While conventional wisdom dictates that it was good politics to de-emphasize collective bargaining, Democrats avoided any attempt to change the terms of the public debate on organized labor. Walker and the Republicans spent weeks demonizing public workers and the unions that represent them. Yet instead of hitting back on behalf of the very same people who worked tirelessly to help them seize the Senate, the Democrats decided to accept the Republicans' terms.

Even if Democrats eventually take both houses and the governor's office, can labor really count on them to restore their rights?

Before the election, union-organizer-turned-journalist Josh Eidelson suggested that the Democrats were embracing a class-based populist message, and that the recalls would provide a test case for this strategy going forward.

Eidelson notes that Democrats often "dabble in populism" without actually embracing it once elected, but seems to think that something is different this time: the Democrats may have had a genuine change of heart when it comes to speaking in stark terms of rich versus poor or worker versus boss.

From my vantage point, it looks like the Democrats are still dabbling. Their rhetoric is missing the fire and militancy of a genuine workers' party, which ought to speak in terms of protests, occupations and strikes, and help workers understand and articulate an alternative vision of economic justice, rather than emphasizing elections and accepting the terms of corporate capitalism as the limit of its vision.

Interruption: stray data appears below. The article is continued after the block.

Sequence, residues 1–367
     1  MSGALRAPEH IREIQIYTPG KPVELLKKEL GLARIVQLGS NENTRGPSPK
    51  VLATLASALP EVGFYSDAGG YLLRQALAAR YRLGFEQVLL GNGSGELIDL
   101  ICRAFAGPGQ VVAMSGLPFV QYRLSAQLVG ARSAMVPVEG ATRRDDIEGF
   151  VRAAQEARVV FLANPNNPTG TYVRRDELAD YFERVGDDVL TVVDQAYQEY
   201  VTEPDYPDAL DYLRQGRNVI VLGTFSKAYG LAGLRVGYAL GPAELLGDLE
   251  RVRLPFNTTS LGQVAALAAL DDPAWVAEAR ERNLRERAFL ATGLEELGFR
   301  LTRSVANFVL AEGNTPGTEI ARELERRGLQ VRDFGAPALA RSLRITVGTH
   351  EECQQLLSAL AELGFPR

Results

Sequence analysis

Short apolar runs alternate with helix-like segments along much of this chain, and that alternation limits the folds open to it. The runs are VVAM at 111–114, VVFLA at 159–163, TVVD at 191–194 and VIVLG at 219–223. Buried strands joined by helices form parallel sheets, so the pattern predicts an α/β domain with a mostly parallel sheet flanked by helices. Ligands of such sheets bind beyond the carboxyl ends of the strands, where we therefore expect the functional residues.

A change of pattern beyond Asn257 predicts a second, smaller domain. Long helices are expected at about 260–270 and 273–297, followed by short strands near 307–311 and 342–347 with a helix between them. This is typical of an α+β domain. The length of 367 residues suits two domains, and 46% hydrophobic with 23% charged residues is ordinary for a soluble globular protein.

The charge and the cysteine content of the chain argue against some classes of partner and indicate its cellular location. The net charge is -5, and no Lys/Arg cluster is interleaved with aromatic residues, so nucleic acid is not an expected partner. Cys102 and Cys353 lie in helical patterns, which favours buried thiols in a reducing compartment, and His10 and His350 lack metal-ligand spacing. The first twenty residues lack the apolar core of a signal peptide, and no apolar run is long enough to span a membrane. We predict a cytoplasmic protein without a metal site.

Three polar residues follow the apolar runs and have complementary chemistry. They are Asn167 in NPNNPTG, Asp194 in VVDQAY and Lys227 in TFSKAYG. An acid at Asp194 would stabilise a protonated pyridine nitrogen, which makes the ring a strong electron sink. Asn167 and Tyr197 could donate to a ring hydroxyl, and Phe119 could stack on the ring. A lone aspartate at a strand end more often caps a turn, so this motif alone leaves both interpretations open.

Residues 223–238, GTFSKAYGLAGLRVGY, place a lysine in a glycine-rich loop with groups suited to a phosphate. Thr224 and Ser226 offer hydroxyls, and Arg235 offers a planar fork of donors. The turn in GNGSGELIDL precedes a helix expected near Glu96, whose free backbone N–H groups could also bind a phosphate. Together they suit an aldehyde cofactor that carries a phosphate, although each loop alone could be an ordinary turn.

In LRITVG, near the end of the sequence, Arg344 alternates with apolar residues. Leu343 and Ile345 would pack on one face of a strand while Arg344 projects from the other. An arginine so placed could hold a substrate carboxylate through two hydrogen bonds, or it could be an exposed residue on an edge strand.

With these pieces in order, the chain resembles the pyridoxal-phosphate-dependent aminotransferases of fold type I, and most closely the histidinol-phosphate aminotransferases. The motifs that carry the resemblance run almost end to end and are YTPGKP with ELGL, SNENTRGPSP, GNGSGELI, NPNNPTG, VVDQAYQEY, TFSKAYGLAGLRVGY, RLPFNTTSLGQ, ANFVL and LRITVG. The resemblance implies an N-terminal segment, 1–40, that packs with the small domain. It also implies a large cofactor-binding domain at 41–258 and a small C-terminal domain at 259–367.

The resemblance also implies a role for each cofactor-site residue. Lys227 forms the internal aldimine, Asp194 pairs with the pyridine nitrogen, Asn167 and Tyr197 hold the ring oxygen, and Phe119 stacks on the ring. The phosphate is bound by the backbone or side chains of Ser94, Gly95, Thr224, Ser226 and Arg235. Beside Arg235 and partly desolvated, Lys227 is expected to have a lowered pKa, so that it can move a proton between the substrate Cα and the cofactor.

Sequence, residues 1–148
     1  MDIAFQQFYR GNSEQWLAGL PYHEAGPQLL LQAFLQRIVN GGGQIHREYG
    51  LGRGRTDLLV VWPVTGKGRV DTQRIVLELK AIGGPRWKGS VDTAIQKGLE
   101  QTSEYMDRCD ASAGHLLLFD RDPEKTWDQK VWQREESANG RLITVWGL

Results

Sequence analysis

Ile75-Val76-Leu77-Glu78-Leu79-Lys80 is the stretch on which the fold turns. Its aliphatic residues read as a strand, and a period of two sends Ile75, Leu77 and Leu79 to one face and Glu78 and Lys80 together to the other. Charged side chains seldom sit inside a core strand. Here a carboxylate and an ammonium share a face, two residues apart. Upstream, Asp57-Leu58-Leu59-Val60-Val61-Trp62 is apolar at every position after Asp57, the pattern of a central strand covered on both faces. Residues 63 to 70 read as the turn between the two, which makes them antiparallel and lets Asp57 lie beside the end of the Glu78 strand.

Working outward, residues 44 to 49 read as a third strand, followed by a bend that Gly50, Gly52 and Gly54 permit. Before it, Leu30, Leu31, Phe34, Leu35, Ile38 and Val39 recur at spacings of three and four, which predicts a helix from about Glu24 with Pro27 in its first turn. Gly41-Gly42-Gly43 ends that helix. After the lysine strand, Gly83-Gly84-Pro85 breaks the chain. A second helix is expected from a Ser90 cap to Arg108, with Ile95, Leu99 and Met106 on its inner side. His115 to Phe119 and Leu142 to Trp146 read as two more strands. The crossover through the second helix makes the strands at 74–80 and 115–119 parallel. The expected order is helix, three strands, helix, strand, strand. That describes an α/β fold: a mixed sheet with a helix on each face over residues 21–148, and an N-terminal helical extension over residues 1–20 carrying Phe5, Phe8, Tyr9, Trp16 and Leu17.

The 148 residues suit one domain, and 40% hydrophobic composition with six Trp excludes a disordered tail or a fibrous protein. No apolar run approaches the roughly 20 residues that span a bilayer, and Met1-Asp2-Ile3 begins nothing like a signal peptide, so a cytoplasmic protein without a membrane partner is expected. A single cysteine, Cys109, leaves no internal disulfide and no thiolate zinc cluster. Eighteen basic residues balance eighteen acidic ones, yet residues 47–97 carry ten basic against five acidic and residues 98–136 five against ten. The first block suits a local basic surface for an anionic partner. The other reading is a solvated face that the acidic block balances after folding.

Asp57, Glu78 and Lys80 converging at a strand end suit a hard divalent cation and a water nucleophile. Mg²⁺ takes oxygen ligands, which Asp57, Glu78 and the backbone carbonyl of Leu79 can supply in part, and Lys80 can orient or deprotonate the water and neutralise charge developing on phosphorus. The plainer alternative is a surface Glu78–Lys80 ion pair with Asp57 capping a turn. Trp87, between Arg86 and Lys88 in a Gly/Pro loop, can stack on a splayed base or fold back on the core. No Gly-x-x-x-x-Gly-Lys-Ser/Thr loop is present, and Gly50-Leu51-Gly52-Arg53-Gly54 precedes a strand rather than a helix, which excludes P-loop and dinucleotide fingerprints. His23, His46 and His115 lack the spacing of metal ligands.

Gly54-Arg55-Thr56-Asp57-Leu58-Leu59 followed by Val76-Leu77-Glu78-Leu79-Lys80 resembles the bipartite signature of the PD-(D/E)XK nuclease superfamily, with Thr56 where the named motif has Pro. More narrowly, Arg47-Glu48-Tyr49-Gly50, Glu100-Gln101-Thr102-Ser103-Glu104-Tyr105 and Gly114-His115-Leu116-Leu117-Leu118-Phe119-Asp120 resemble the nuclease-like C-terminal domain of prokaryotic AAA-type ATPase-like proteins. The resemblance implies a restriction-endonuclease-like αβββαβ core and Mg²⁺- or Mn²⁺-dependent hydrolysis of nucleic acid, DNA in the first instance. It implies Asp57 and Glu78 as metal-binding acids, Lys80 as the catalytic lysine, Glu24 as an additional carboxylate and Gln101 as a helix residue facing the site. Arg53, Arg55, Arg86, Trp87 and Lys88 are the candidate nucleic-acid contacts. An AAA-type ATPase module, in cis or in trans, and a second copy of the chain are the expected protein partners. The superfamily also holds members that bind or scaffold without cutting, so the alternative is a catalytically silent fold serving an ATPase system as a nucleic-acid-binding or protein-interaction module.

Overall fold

Moreover, the Democrats channeled the movement's best energies into electoral politics with the aim of increasing their own power. By abandoning the collective bargaining issue, the Democrats showed their true colors, and proved once again that the Democratic Party exists solely to elect Democrats.

OF COURSE, the Democratic Party can certainly spin the recall elections as a victory and enhance its own political power. But it was working people, union and non-union alike, who occupied the Capitol for weeks and prompted the 14 Democrats to leave the state to tie up Walker's legislation. Tens of thousands of people in the streets of Madison sent a message to the elite that they could not ignore.

The protest movement, with spontaneous acts of civil disobedience, mass rallies and a militant posture, genuinely empowered workers to take matters into their own hands. The Democratic Party co-opted that energy to serve its own political ends, and did more to demobilize the protest movement than any Republican could have hoped for. But the question that must be answered is: Are their ends the same as ours?

The Democrats talk a mean streak, but the prospect of a militant mass movement of rank-and-file workers who are prepared to strike to win their rights back frightens them almost as much as it frightens the people who finance their campaigns. It means they might have to take a stand against their corporate masters and the global push for austerity, or risk losing the loyalty of workers.

Tragically, Wisconsin's labor leaders are committed to pursuing the electoral strategy to its bitter conclusion in what's sure to be a tremendous expenditure of scarce resources in an effort to replace Scott Walker with another politician who will likely abandon workers once elected.

Imagine what could happen if, instead of pouring millions of dollars and thousands of volunteer hours into electing "Walker Lite," labor invested those resources in strike funds and organizing the rank and file for action. The bureaucrats in charge of the unions see their fate as bound up in the success of the Democratic Party.

If left to their own devices, union leaders will most certainly continue to tell angry members to go vote--and nothing else. That's why it's up to the rank and file to demand better leadership and organize ourselves for the struggles ahead.